Newly diagnosed and treatment naïve ITB and CD patients were prospectively recruited by senior gastroenterologists at four South Indian medical centres in a consecutive manner from October 2009 to July 2012 (Appendix) . Diagnostic criteria for ITB and CD were used according to internationally published guidelines [1,20,21]. Demographic, clinical, endoscopic and histologic features were recorded by site investigators in standardized electronic questionnaires and collected in a database. Patients were scheduled for follow-up clinical visits after two and six months of treatment. Clinical remission after ATT was regarded confirmatory for ITB diagnosis. Exclusion criteria were malignancy, age below 18 years and human immunodeficiency virus infection. Samples for biochemistry were obtained prior to initiation of treatment and faeces spot samples were collected prior to or minimum three days after endoscopy. CRP was analysed in blood serum by use of CRP turbilatex assay (Spinreact, Girona, Spain) and automated turbidometry (Beckman Coulter AU480, Cal, USA) at a local ISO certified laboratory. Faecal aliquots and separated blood serum vials were stored at -20°C until analysis. FC and SC were analysed with enzyme-linked immuno-sorbent assays using EK-CAL and MRP 8/14 kits respectively, according to the manufacturer’s recommendations (Bühlmann Laboratories AG, Basel, Switzerland).
All variables included in the analyses were recorded at diagnosis.
Due to the skewed distribution of data and limited sample size, the
continuous variables were described with medians and ranges and
crude differences between groups were assessed with Mann-Whitney
Wilcoxon tests. The categorical variables were listed as counts and
percentages and differences between groups were evaluated with Chisquare
or Fischer’s exact tests (when appropriate). The strength of
association between continuous variables was assessed by calculating
the Spearman rank correlation coefficient (r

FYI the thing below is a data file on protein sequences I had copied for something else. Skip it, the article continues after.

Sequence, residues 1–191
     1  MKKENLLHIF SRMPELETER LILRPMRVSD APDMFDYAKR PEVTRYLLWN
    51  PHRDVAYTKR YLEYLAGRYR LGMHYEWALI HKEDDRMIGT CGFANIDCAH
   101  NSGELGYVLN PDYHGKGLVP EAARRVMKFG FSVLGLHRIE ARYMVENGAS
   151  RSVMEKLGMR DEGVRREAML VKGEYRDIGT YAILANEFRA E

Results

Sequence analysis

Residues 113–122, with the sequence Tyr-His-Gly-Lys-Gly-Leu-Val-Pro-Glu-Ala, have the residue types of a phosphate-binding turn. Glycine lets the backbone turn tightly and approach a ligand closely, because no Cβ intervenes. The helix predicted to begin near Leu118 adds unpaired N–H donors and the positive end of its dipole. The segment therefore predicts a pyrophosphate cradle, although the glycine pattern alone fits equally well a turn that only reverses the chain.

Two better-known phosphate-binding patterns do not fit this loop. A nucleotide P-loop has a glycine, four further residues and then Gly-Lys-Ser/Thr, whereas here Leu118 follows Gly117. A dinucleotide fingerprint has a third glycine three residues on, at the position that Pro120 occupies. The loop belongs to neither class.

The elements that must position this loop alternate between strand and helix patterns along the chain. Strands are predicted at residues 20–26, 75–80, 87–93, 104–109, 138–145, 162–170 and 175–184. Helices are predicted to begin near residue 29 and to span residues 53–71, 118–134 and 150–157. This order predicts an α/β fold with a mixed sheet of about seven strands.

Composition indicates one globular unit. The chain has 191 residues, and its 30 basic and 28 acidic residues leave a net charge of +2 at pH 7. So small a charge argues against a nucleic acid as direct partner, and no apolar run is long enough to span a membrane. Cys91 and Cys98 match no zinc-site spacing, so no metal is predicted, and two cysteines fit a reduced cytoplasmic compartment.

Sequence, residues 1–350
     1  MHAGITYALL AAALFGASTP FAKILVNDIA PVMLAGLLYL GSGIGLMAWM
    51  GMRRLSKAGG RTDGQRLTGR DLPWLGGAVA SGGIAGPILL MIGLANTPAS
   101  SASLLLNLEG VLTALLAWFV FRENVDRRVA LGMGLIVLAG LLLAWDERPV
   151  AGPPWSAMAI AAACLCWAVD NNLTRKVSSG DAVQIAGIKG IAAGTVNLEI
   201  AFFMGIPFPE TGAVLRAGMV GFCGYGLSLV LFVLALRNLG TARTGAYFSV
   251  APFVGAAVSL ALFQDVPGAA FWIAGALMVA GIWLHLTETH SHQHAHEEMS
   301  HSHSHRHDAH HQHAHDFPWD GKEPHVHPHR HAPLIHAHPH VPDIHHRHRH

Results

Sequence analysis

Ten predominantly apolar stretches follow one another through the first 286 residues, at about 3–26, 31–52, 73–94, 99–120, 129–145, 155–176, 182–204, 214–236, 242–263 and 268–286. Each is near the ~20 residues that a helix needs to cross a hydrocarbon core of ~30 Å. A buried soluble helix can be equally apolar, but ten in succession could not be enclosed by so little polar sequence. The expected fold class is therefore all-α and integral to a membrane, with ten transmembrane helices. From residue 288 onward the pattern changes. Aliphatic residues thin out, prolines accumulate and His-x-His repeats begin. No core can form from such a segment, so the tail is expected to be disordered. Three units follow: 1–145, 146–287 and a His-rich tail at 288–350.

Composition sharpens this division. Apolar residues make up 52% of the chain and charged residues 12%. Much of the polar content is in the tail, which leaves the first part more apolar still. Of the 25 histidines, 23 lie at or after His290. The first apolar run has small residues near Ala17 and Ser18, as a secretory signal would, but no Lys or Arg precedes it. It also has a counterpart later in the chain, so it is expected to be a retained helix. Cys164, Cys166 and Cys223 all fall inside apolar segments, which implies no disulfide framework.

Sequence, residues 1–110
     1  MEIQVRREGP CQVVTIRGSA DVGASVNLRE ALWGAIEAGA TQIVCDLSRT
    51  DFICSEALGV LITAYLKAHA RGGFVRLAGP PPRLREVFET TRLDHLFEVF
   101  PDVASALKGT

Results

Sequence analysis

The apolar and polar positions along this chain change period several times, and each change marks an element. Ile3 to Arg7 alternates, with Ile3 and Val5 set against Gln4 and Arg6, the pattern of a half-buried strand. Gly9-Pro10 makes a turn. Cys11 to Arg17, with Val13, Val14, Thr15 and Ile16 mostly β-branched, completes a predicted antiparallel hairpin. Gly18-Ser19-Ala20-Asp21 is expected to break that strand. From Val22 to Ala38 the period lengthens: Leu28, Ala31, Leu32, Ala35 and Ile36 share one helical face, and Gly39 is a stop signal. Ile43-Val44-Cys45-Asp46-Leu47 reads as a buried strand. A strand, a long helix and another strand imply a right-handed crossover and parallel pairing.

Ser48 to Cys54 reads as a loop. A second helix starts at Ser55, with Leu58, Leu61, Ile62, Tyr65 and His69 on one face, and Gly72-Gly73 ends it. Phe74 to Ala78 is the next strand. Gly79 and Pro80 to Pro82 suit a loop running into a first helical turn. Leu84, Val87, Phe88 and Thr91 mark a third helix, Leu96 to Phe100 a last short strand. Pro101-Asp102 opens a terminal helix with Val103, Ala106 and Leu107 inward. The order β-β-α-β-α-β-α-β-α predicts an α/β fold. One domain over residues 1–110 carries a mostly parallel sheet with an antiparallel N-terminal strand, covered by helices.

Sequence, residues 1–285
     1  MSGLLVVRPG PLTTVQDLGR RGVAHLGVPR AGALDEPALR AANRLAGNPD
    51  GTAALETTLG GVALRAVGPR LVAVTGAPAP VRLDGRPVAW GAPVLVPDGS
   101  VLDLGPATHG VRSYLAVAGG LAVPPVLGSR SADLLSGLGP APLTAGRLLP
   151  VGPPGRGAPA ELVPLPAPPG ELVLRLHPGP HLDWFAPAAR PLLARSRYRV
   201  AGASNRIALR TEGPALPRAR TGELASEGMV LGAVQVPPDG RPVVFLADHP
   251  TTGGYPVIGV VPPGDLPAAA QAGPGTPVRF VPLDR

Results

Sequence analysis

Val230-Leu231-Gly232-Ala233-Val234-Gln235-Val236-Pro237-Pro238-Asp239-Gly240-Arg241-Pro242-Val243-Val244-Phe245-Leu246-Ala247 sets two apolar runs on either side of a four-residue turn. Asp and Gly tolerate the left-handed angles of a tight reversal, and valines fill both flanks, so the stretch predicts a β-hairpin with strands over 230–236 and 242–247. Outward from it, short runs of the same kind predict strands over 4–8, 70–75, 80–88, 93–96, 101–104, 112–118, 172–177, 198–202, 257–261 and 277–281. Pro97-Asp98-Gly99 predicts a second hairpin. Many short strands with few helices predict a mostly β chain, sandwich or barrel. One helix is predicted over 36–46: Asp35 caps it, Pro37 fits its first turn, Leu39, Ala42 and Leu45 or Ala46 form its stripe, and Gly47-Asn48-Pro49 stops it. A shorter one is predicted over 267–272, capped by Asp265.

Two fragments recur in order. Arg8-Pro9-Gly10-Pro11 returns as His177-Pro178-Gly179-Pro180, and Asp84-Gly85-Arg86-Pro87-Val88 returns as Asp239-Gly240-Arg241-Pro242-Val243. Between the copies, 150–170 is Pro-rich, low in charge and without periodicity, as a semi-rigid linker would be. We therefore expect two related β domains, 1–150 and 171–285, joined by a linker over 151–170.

As our aim was to quantify probabilities of ITB or CD based on observed or measured variables, we constructed a prediction matrix. First, the following risk factors were established from the results of our previous study : weight loss (from onset of symptoms, qualitative); right inferior abdominal pain (on physical examination at diagnosis); multi-segment involvement (endoscopically apparent lesions in =3 of 6 pre-defined anatomic sub-divisions); and mucosal nodularity (round elevated nodules 2-6 mm in diameter detected upon endoscopy) (Table 1). All four variables were regarded as dichotomous. Then, univariate logistic regression models were fitted and variables which differed significantly between the groups (p < 0.05) were included into further analyses. Risk factors that were highly associated with each other were excluded to avoid multicollinearity. FC, SC and CRP were measured as continuous variables, followed by categorization into dichotomous variables. Several cut-off levels for FC were tested, based on both statistical properties and clinical recommendations [17-24]. Cut-off levels were evaluated separately as well as combined with the previously established predictors. The final cut-off level was chosen based on the most optimal separation between ITB and CD. In the next step, several logistic regression models were fitted. Due to the limited number of patients we included up to four risk factors in one model. The best model was chosen based on its prediction power and the Aikaike Information Criterion . Finally, the odds computed with the selected logistic regression model were transformed into probabilities with 95% Confidence Intervals (CI) and the results were arranged in a risk matrix. The analyses were conducted with Predictive Analytics Software (Version 18.1; IBM, New York, USA).